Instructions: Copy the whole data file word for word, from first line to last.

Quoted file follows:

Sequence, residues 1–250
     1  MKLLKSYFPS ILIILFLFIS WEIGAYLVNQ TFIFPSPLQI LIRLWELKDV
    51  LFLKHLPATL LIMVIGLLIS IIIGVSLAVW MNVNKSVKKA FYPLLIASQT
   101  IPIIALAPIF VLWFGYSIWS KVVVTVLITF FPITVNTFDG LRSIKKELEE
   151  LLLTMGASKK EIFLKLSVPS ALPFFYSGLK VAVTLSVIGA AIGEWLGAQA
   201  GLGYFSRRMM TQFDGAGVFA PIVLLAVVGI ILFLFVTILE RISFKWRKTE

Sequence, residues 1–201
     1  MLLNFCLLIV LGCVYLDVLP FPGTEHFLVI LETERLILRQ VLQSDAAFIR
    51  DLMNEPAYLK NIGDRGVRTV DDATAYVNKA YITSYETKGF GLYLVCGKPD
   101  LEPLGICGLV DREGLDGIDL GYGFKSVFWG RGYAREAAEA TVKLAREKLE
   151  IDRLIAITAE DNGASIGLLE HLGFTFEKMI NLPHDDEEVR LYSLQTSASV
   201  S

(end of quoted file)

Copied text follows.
Sequence, residues 1–250
     1  MKLLKSYFPS ILIILFLFIS WEIGAYLVNQ TFIFPSPLQI LIRLWELKDV
    51  LFLKHLPATL LIMVIGLLIS IIIGVSLAVW MNVNKSVKKA FYPLLIASQT
   101  IPIIALAPIF VLWFGYSIWS KVVVTVLITF FPITVNTFDG LRSIKKELEE
   151  LLLTMGASKK EIFLKLSVPS ALPFFYSGLK VAVTLSVIGA AIGEWLGAQA
   201  GLGYFSRRMM TQFDGAGVFA PIVLLAVVGI ILFLFVTILE RISFKWRKTE

Sequence, residues 1–201
     1  MLLNFCLLIV LGCVYLDVLP FPGTEHFLVI LETERLILRQ VLQSDAAFIR
    51  DLMNEPAYLK NIGDRGVRTV DDATAYVNKA YITSYETKGF GLYLVCGKPD
   101  LEPLGICGLV DREGLDGIDL GYGFKSVFWG RGYAREAAEA TVKLAREKLE
   151  IDRLIAITAE DNGASIGLLE HLGFTFEKMI NLPHDDEEVR LYSLQTSASV
   201  S